Exactly 69 years to the day since the Vel d’hiv roundup, when French police arrested 13,000 Jews and sent them off to Auschwitz, I moderated a Q-and-A with “Sarah’s Key” director Gilles Paquet-Brenner at the Museum of Tolerance. The film, based on Tatiana de Rosnay’s bestselling novel (which sold 5 million copies in 38 countries) tells the story of the Vel d’hiv roundup, the ultimate in French collaboration with the Nazis.
The film could be counted as one of the most powerful Holocaust films to date. The Hollywood Reporter called it “transfixing.” Writer Kirk Honeycutt wrote, “Cinema can sometimes rival the novel in compulsive intensity and Sarah’s Key is one such example.”
There are haunting, wrenching scenes in this film that can hold up to the best of those in “Schindler’s List”, “Shoah” and “Night and Fog”. With this, the 36-year-old Paquet-Brenner proves himself a significant talent (he’s sort of like a French Jason Reitman, only with a penchant for high drama).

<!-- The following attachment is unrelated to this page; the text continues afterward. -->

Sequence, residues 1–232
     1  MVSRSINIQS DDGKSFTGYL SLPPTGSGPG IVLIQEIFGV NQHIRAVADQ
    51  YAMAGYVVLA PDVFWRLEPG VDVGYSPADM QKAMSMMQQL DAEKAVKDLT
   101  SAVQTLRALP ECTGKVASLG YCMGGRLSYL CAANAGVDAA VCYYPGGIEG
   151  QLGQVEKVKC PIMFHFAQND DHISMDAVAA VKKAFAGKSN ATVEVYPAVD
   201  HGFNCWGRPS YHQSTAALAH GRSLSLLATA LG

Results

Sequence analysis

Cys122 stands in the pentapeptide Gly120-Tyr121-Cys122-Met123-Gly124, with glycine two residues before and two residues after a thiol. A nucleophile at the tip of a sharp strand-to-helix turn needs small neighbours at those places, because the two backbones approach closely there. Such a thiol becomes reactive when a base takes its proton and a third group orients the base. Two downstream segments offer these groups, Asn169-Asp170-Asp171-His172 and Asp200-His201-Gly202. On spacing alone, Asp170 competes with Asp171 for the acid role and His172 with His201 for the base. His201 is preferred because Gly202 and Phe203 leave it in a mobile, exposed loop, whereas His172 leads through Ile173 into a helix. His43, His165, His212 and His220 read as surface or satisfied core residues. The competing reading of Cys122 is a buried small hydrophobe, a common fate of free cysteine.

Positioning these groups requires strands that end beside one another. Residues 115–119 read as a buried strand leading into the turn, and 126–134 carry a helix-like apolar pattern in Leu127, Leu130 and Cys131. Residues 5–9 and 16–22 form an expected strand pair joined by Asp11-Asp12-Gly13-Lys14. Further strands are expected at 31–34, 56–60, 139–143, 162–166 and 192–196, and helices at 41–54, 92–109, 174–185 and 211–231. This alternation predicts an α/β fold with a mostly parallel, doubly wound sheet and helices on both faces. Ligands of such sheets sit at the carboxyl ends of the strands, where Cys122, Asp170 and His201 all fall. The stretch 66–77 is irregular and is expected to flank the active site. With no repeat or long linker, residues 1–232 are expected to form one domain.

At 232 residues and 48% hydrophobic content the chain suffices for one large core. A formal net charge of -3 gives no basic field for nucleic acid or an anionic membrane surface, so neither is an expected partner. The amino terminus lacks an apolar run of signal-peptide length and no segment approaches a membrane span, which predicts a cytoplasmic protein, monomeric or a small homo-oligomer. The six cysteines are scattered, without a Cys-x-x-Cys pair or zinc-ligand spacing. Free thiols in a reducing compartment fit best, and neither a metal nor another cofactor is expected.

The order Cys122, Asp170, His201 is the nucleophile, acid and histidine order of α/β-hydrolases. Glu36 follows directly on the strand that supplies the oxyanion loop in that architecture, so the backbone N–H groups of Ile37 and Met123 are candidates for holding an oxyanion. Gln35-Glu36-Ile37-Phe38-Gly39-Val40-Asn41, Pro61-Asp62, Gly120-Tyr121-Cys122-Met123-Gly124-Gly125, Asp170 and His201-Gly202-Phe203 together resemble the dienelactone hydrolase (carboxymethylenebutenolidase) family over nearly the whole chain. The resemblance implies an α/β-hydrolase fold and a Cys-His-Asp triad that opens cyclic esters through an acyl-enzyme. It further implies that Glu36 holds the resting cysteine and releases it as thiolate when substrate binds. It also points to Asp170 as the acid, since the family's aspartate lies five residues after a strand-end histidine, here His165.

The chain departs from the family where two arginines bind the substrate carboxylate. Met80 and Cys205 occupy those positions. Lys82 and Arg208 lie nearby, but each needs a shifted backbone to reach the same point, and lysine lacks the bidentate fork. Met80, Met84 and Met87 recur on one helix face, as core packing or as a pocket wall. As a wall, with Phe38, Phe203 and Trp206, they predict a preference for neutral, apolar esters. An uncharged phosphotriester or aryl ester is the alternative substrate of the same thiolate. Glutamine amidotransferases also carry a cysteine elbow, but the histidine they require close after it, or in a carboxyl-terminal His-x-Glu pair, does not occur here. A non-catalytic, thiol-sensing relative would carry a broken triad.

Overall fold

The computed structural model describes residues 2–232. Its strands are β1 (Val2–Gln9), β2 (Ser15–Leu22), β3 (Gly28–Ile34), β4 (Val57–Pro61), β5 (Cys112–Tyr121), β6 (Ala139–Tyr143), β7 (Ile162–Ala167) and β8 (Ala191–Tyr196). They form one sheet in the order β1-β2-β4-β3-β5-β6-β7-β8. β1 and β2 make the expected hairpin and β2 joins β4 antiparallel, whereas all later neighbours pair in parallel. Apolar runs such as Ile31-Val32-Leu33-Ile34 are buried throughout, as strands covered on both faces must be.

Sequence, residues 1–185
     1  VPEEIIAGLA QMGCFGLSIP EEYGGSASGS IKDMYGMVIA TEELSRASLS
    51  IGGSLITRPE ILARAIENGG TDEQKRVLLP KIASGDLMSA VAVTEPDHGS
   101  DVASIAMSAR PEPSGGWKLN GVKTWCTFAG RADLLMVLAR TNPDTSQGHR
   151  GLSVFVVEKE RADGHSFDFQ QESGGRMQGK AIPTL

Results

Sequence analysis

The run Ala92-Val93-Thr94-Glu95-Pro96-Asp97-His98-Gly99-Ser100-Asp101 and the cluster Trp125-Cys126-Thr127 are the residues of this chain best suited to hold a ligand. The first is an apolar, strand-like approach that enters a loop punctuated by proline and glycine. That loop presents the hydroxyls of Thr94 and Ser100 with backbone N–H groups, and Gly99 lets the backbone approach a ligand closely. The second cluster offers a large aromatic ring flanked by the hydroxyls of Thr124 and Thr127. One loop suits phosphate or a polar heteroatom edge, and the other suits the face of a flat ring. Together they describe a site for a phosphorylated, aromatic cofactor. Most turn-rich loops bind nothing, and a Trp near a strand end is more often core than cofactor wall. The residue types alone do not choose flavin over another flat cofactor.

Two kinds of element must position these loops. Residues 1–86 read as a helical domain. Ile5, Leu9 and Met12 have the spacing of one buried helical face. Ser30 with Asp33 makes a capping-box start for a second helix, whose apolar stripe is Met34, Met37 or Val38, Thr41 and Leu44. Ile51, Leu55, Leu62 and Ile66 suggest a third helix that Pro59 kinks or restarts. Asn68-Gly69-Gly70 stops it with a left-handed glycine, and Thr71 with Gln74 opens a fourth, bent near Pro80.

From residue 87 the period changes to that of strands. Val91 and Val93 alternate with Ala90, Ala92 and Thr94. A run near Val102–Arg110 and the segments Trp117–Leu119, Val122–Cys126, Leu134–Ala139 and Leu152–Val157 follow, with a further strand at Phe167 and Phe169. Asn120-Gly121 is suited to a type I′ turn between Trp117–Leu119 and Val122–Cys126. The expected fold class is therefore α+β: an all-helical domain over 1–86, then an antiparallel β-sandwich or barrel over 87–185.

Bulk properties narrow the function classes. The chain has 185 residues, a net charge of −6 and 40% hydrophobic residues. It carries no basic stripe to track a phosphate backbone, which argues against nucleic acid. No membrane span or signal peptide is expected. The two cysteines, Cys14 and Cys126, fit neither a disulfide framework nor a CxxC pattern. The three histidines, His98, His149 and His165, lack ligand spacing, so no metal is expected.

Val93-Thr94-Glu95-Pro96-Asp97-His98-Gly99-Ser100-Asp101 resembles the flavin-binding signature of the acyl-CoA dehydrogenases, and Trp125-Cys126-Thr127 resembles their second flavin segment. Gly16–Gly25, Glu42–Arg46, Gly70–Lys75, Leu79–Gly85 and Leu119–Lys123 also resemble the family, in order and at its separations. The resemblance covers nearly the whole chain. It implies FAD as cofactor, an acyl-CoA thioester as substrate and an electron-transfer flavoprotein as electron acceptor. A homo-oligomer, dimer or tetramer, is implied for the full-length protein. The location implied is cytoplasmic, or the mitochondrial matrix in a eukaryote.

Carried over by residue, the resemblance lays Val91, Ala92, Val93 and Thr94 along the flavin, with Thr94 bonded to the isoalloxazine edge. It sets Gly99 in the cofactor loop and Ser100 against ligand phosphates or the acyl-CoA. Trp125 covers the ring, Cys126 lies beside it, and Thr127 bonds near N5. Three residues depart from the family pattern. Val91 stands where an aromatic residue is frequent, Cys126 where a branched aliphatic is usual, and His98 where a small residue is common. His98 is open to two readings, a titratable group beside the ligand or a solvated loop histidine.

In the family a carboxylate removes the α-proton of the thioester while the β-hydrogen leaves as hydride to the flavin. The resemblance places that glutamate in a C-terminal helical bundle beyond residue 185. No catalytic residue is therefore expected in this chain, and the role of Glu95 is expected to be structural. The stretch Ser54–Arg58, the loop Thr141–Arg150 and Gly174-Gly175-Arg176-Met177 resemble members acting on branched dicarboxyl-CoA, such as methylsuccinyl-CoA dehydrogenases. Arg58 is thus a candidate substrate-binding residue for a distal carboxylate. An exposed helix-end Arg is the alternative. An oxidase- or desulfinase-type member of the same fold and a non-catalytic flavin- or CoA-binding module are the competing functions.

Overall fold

In person, the French filmmaker was thoughtful and clever, occasionally feisty and incredibly gracious with audience members who lined after the screening up to share their survival stories with him.
During the Q-and-A, Paquet-Brenner discusses his personal connections to the story and the Holocaust, his opinion on Hollywood’s ‘Holocaust fatigue’ and the atmosphere on set when filming the most harrowing scenes.
“Sarah’s Key” opens in Los Angeles on July 22.
**Note: Apologies for the poor quality of the video as Carmageddon kept our very valuable VideoJew Jay Firestone from recording the event (sound is good, though!). In Part 1, my opening question for Paquet-Brenner was how he convinced Tatiana de Rosnay, the book’s author, to let him direct the film. She reportedly met him and exclaimed, “You’re 12!” doubting he could handle the serious subject matter.
In Part 2, I opened by asking about the formal techniques he used to evoke the horrifyingly visceral scenes of the roundup and at the camps.
More on the film’s background at The Ticket, where you can read Naomi Pfefferman’s wonderful piece on the journey from book to film.
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